It can be painful to face the truth about our brokenness. God is not sat all surprised by our brokenness. You will remember what Bishop Peter says about 95% of people being broken. It can be wise to pace ourselves in our Lenten self examination, one day at a time.
Avoid utopian expectations of a quick fix that will immediately solve all your problems, making you perfectly sinless. Growing up in Christ takes time. Have you noticed? The good news is that because of God’s amazing grace, we can trust that God, who knows the worst about us, still loves us anyway. We have deep value as people made in his image, sinners for whom Christ died. Through the new birth, we have become God’s own adopted children. What higher identity could we have than God’s beloved children?
120. “Death and Destruction are never satisfied, and neither are human eyes.”
This is also a profound look at the potential destructiveness of human restlessness. Our culture is so often never satisfied. What if in our Lenten self-examining, we repented of restless negativity and chose to be thankful rather than complaining?
21. “The crucible for silver and the furnace for gold, but people are tested by their praise.”
As part of the Lenten discipline of self-examination, we need to guard our hearts against being taken out by flattery. Watch out for people who put you on pedestals. As Bishop Peter often says, don’t believe your own press. This by the way is a gentle rebuke from Peter, a wise warning about the dangers of our celebrity-driven culture. Fame is a deceiver. Galatian 6:3 is clear that if anyone thinks they are something when they are not, they deceive themselves. By definition, pretending that we are better than other people is not biblical self-examination.
Have you noticed that so much of high school culture is largely pretend culture? That is why only 2% of high school romances survive into adulthood. Just think of those two teenagers Romeo and Juliet. Romans 12:3 encourages us to not think of yourself more highly than you ought, but rather think of yourself with sober judgment.
Sober self-examination protects us from being placed on a pedestal or thrown into the dumps. Some half-empty cup people like to use self examination to trash themselves listening to the day and night voice of the accuser: “I’m no good; I’ll never do better; I might as well give up. I am unlovable and worthless.” The Holy Spirit convicts but never condemns.
Philippians 1:6 promises that he who had begun a good work in us will bring it to completion until the day of Christ Jesus. Thank God as Psalm 103:10 puts it that he does not deal with us according to our sins. We can trust the promise of 1 John 1:9 that if we confess our sins, he is faithful and just to forgive us our sins and cleanse us from all unrighteousness. Any self examination must stay right there at the foot of the cross.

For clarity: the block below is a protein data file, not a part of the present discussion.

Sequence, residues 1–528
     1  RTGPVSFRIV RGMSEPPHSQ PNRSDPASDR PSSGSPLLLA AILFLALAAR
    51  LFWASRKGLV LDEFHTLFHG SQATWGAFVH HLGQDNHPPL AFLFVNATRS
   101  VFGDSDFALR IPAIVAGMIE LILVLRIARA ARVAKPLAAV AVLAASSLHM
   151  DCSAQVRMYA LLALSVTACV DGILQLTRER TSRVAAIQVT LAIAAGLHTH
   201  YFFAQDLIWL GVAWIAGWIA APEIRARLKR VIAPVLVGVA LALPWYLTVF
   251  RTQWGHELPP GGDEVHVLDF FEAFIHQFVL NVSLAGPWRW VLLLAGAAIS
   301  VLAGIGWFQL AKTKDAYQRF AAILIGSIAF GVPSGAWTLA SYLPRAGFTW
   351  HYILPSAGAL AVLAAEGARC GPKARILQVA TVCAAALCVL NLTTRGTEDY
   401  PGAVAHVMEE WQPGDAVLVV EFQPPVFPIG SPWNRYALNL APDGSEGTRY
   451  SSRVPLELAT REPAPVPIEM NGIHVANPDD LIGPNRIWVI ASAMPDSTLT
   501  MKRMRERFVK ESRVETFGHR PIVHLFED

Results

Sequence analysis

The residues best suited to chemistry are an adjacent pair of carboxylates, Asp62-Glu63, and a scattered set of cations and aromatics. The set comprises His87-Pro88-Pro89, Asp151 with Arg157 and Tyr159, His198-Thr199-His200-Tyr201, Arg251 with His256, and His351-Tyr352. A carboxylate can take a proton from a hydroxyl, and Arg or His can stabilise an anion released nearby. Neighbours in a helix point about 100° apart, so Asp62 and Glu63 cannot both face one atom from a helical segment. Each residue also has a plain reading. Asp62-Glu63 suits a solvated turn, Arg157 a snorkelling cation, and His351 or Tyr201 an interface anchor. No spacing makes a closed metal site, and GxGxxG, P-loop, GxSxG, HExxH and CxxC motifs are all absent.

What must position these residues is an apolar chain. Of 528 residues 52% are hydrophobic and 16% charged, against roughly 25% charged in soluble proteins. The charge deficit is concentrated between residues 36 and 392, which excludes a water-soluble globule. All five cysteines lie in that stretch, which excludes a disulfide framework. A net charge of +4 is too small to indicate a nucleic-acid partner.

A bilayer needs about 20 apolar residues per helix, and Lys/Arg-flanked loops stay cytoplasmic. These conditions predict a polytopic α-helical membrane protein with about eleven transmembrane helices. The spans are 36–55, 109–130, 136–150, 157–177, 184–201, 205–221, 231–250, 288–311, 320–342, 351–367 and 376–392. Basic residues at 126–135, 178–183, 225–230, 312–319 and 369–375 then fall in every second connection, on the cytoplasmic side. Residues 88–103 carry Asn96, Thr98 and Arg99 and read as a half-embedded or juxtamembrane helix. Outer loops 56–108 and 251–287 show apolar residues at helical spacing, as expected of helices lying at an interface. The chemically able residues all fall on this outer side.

Thank God for the finished work done on Calvary hill. That is why Galatians 2:20 says: “I have been crucified with Christ and I no longer live, but Christ lives in me.” God does not want us lost in narcissistic self-absorption. Excessive navel-gazing will cause us to slowly sink in psychological quicksand.
E Stanley Jones said that the tyranny of self preoccupation brings an unhappy, disrupted self. Have you ever noticed that the most miserable people always want to talk about themselves. Nothing else interests them. Self-preoccupation leaves us lonely, isolated, and emotional cut-off from genuine intimacy as God intends for our families & marriages.
Robert Murray McCheyne, the famous Scottish devotionalist, memorably said: “For every look at yourself, take ten looks at Christ.” Glance at your self while gazing on the cross.
22. “Though you grind a fool in a mortar, grinding them like grain with a pestle, you will not remove their folly from them.”
Fools blindly refuse to examine themselves. Don’t be like them. Husbands, perhaps your wife has a point when she keeps bring up that issue she wants you to look at.
23. “Be sure you know the condition of your flocks, give careful attention to your herds.”
I have watched Bishop Peter in my five years so far at All Saints take careful care for the sheep at All Saints. You can imagine that this Herd verse has been an important verse for raising our three Hird sons and now our four Hird grandchildren.
I will never forget my dear wife Janice Hird asking me how our visiting Hird grandchild was doing. I said ‘great’. She is being very quiet. Yes indeed, they were quietly putting Vaseline on the wall by our front door. The Bible is right: pay careful attention to your herds.;) Self-awareness and herd-awareness go together. Self-identity and family identity are closely connected.
You can see how deeply family wounds shaped the key people in the Jesus Revolution movie: Pastor Chuck Smith’s control needs related to fear of his failure, Lonnie Frisbee’s fear of abandonment and Greg Laurie’s fear that everyone will leave him in the end.
24-27“for riches do not endure forever, and a crown is not secure for all generations. When the hay is removed and new growth appears and the grass from the hills is gathered in, the lambs will provide you with clothing, and the goats with the price of a field. You will have plenty of goats’ milk to feed your family and to nourish your female servants.”
Proverbs 27:14-27 NIV https://bible.com/bible/111/pro.27.14-27.NIV
How many of you want to grow in the area of self examination this Lent? Let us pray: